The EBRD now invests in water efficiency via its Green Economy Transition approach.
The EBRD region includes some of the most water-stressed countries in the world, amongst them the Southern and Eastern Mediterranean Region and Central Asia. To mitigate the risks associated with water scarcity, the EBRD invests in projects that promote water efficiency and support the introduction of innovative, water efficient technologies.
Rational water use is important for economic development, food security, environmental quality and political stability. However, many countries where the EBRD in invests still lack sufficient levels of access to water and water efficient technologies. Often, water governance and water markets are weak and provide only limited or no incentives to manage water efficiently, let alone undertake investments in new technologies that would increase water efficiency.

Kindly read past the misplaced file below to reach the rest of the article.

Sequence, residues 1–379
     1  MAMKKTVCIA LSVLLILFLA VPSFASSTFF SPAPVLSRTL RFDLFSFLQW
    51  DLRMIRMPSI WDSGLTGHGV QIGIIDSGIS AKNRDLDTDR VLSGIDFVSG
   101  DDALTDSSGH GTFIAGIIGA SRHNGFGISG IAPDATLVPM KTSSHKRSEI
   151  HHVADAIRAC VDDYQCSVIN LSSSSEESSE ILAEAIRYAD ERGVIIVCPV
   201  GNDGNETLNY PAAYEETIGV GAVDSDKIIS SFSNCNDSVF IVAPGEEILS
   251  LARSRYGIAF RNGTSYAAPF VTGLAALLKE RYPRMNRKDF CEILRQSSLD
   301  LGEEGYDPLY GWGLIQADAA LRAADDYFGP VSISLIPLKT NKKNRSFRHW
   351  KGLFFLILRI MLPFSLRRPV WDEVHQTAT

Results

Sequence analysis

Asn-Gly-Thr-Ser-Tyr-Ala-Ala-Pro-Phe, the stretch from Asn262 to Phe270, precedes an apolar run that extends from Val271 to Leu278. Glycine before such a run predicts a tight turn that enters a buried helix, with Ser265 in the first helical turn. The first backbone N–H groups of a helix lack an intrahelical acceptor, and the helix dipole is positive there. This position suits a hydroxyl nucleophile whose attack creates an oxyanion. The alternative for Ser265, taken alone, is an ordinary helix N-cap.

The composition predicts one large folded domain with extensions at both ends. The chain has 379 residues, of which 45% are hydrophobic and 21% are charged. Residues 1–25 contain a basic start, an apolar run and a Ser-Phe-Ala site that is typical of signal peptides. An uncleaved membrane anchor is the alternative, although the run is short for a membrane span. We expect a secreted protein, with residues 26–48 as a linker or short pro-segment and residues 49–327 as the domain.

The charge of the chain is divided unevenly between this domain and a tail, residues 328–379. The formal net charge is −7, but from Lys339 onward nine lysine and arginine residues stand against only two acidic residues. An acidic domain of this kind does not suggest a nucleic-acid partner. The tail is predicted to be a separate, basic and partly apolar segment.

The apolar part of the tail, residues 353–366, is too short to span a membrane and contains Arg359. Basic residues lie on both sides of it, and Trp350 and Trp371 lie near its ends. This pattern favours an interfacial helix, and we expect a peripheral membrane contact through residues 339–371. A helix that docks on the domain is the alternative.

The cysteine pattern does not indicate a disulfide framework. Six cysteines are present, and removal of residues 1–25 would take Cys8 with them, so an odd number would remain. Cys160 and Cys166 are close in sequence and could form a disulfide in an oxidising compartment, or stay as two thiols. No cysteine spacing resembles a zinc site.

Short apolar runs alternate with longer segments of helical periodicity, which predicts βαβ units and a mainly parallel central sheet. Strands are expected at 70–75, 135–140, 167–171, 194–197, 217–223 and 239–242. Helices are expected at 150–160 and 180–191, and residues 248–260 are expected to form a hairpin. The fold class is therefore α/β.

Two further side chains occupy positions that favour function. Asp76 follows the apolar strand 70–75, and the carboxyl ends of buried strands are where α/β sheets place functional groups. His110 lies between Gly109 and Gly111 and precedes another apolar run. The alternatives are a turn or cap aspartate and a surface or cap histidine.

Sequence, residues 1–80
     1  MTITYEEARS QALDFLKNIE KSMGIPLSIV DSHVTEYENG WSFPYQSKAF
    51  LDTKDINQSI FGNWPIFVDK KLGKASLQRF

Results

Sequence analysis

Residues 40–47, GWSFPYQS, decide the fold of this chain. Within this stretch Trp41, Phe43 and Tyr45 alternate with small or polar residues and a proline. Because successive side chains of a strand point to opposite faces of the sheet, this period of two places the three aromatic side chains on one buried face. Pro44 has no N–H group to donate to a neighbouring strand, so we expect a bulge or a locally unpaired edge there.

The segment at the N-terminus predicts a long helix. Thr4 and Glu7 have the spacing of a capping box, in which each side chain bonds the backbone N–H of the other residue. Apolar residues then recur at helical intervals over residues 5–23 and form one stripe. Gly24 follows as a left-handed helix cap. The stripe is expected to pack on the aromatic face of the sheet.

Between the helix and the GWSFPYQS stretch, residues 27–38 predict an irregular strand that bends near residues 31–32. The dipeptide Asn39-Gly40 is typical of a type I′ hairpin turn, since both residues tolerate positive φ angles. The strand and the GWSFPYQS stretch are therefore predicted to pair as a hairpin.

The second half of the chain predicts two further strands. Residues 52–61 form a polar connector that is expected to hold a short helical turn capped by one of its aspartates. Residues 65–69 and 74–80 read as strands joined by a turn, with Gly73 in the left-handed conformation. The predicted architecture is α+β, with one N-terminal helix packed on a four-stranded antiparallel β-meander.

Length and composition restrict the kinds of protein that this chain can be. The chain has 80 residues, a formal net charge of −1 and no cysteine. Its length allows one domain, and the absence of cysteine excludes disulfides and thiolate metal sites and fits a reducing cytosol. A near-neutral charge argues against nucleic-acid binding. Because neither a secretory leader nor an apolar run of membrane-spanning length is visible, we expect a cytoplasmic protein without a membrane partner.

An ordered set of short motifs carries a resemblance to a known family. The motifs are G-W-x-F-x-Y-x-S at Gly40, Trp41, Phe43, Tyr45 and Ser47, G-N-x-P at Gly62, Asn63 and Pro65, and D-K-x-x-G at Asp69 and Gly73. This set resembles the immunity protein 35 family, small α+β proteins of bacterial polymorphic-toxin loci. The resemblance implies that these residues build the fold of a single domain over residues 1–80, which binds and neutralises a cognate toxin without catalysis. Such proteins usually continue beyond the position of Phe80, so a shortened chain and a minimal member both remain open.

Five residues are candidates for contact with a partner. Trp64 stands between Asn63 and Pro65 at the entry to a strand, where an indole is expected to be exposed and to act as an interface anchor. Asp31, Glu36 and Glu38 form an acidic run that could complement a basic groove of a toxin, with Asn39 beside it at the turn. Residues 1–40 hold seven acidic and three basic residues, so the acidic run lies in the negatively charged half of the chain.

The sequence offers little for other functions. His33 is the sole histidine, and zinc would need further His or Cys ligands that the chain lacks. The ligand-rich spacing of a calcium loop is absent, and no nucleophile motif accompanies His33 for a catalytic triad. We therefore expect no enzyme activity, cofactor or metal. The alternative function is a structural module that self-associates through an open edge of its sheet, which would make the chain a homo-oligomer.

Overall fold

Furthermore, many countries in the EBRD region are vulnerable to increasing water scarcity caused by climate change impacts such as increasing temperatures and more variable precipitation. Improving water efficiency is therefore an essential part of the Bank’s work on climate change adaptation in such countries.
The EBRD is responding to these challenges by providing finance to support investments that improve water efficiency. Between 2012 and 2015 the water component of the SRI built on the EBRD’s track record of financing municipal water infrastructure projects by focusing investments on demand-side water efficiency improvements across a wide range of sectors.
In particular, the EBRD extended its support to corporate clients in optimising water management for operational efficiency, product design and sustainable manufacturing.
The EBRD also offered technical assistance through energy and water investment programmes and audits. These aimed to identify specific water efficient technologies relevant for enterprises and suggest improvements to corporate water management practices. Technical assistance also comprised stakeholder engagement programmes which were mainly used in the municipal sector.